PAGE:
British English

British English is a term primarily used by people outside of the UK to refer to the form of the English language spoken in the British Isles.

The term is not welcomed by many Britons for a variety of reasons. Some people, particularly those from Scotland and Wales, argue that there are many different national dialects spoken throughout the British Isles and, as such, attempts to group them under one term is pointless and demeaning. Others, particularly those from England, find it offensive that the term treats their native tongue as a mere variant of a language.

Historically, the widespread usage of English across the world was attributed to the power held by the British Empire, and hence the most prestigious form of English was that used in south-east England (in the area around the capital city London, and the main English university towns of Oxford and Cambridge). This form of the language is associated with Received Pronunciation (RP), which is still regarded by many people outside the UK (especially in the United States) as "the British accent". From the second half of the 20th century to the present day, the pre-eminence of the English language has largely been linked to the economic, military and political dominance of the United States in world affairs, and American English is often regarded as the most prominent form of English in the world today, especially with the large amount of US cultural products (films, books, music, etc) around the world, which is not matched in volume by those from other English-speaking nations.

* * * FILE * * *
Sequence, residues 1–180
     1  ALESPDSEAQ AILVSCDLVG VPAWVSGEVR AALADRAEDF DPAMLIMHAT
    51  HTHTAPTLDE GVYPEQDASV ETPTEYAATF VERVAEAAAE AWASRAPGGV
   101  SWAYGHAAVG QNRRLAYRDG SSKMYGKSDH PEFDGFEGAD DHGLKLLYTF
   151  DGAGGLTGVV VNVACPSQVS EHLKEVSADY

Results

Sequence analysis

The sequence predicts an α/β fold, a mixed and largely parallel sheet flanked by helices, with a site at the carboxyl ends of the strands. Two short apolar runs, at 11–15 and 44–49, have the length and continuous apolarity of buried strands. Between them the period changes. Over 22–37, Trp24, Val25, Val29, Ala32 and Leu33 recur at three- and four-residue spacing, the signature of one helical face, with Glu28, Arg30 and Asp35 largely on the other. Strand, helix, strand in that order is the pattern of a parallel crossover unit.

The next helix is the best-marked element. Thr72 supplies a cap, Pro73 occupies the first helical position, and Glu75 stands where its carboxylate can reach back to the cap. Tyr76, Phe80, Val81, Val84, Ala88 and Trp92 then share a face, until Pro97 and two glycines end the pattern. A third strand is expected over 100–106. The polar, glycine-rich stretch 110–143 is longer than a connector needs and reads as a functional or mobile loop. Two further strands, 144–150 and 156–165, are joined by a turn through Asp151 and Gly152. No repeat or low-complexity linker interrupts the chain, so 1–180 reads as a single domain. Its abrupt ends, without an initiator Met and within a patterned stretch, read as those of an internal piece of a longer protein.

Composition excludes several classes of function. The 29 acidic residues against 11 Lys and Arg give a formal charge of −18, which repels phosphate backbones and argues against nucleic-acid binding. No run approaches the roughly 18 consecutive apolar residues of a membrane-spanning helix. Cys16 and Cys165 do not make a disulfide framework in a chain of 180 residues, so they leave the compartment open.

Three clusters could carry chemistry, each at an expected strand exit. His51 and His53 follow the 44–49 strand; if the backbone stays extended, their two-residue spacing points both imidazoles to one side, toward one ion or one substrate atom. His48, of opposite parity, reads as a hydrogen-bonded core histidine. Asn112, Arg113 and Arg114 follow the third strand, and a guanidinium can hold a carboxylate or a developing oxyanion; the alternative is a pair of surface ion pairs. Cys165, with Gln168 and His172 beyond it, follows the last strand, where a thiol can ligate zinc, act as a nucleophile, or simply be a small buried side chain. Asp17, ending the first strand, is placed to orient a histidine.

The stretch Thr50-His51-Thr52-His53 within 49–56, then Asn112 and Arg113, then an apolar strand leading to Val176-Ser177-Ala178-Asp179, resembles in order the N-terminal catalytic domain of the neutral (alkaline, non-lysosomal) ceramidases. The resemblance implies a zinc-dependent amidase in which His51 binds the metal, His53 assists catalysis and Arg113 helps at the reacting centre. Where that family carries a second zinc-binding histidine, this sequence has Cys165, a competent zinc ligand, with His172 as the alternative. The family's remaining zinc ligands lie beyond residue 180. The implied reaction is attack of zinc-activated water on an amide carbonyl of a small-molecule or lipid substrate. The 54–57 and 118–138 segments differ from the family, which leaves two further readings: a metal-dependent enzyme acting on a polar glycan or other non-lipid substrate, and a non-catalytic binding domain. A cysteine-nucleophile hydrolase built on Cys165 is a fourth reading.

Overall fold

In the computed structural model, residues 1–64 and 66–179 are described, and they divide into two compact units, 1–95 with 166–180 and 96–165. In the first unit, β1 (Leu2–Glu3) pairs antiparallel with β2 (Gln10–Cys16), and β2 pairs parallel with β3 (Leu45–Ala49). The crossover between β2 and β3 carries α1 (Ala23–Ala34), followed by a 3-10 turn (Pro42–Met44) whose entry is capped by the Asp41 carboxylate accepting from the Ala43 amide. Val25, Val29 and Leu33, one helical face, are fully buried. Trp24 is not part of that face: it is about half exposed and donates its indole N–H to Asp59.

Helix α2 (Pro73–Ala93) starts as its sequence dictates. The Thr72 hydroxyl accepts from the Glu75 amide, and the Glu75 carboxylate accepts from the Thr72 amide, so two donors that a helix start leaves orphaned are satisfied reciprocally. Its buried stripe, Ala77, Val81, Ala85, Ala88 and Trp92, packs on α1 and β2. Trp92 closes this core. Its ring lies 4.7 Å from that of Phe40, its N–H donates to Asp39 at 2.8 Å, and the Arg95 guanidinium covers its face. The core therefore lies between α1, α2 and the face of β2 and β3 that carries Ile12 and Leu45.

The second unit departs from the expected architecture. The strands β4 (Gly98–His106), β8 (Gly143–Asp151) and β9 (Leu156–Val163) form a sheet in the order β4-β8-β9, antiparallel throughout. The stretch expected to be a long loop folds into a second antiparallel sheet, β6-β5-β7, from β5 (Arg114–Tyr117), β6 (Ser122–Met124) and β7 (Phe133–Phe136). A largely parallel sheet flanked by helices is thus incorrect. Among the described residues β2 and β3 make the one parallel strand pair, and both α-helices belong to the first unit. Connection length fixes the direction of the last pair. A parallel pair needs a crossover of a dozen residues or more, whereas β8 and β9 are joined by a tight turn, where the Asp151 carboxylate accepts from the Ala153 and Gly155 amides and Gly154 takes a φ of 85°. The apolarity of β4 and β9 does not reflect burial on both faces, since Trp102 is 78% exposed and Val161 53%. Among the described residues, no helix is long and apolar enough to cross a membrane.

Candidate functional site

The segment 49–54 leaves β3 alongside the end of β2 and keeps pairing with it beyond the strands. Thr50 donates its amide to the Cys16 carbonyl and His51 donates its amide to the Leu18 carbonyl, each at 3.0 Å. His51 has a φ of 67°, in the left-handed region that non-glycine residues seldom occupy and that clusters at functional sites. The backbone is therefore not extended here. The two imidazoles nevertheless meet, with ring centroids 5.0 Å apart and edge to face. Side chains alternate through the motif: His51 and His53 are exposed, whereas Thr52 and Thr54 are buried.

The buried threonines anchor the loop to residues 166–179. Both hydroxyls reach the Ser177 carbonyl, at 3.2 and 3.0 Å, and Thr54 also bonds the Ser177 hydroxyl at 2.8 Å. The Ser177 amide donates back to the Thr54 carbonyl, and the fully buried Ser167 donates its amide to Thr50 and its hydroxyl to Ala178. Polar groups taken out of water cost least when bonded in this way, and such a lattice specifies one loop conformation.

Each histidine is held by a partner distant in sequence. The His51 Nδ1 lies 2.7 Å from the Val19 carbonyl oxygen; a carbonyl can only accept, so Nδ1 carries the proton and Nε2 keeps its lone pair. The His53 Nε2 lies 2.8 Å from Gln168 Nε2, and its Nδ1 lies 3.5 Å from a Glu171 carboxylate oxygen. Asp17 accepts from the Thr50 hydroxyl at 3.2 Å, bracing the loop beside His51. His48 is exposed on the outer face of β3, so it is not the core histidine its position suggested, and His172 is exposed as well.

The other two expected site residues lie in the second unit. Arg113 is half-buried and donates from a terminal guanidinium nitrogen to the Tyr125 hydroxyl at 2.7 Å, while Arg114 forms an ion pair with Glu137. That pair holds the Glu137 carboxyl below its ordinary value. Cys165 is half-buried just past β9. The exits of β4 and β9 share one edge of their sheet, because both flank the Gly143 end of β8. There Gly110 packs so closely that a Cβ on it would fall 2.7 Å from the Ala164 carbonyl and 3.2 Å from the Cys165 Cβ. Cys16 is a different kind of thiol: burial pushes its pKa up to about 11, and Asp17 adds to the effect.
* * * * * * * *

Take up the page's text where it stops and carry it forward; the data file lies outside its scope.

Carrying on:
British English is still the model for the English spoken in many Commonwealth countries, including Australia, South Africa, and India, as well as in the European Union. Although British English is commonly used in the former British colony of Hong Kong, American English is often taught in Chinese schools, and throughout other schools in Asia.

Subtypes and dialects of the English language spoken in the British Isles

The dialects of the English language spoken throughout the British Isles can be loosely grouped as follows:

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